After a long period of restructuring the aerospace sector in Europe has now been consolidated to a large degree. Facing the challenges of global competition the EMF particularly focuses on the issues of competition and employment, trade policy, restructuring and qualitative aspects of labour conditions.
The European aerospace industry is a high-tech industry whose success depends on the twin pillars of civil and defence related production. It develops and manufactures a broad range of products: civil and military aircraft, aero-engines, helicopters, launchers and satellites, missiles as well as systems and equipment. The industry employs around 415.000 directly.
The EMF aerospace committee has been established in 1999 with a view to developing a European trade union strategy for the sector. This committee brings together under the umbrella of the EMF national trade union representatives as well as workers representatives of the major European aerospace companies. The EMF aerospace committee has produced its own sectoral policy platform outlining the trade union views and demands concerning the industrial development of the sector and a proactive employment policy.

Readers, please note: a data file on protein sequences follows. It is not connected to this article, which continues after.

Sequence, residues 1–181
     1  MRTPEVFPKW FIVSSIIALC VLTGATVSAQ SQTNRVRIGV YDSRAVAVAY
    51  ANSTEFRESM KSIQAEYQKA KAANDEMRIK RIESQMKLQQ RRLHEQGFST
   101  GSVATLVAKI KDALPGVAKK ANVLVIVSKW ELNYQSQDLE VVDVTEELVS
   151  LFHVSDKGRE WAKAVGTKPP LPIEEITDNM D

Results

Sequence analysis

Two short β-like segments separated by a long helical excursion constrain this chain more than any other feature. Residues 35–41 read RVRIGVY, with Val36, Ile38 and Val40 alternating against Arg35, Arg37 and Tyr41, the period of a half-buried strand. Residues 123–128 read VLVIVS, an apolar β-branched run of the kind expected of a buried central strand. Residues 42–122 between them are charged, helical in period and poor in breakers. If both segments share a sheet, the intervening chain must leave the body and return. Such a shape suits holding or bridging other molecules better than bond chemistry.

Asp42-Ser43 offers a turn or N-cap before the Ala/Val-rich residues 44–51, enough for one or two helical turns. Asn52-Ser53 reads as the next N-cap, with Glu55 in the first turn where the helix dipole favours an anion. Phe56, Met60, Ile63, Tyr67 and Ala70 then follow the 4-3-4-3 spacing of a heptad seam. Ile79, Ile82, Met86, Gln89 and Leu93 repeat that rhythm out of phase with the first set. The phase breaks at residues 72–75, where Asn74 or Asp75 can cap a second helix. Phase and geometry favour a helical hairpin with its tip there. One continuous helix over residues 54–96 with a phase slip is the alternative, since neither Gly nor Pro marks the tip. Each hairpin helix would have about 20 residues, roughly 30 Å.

The EMF aerospace committee is engaged in a regular dialogue with the relevant services of the European Commission. It cooperates actively with the International Metalworkers Federation and North American unions active in the sector. It also seeks to develop a dialogue with the ASD, the AeroSpace and Defence Industries association.
For more information, please contact Eddy Stam, Policy Adviser.
Sector aerospace also covers issues related to defence.
On 6th and 7th October 2010 the IMF held its Aerospace conference “Building union power for secure jobs”. The EMF was represented by its General Secretary, Peter Scherrer, and Policy Adviser, Eddy Stam.
The focus of the conference was on the global aspects of the industry, often conflicting with national interests. The general opinion expressed was that production will be increasingly offshored to the growing markets in China, India and Russia. Mexico, which serves as a low wage portal to the North American market, is growing in significance too.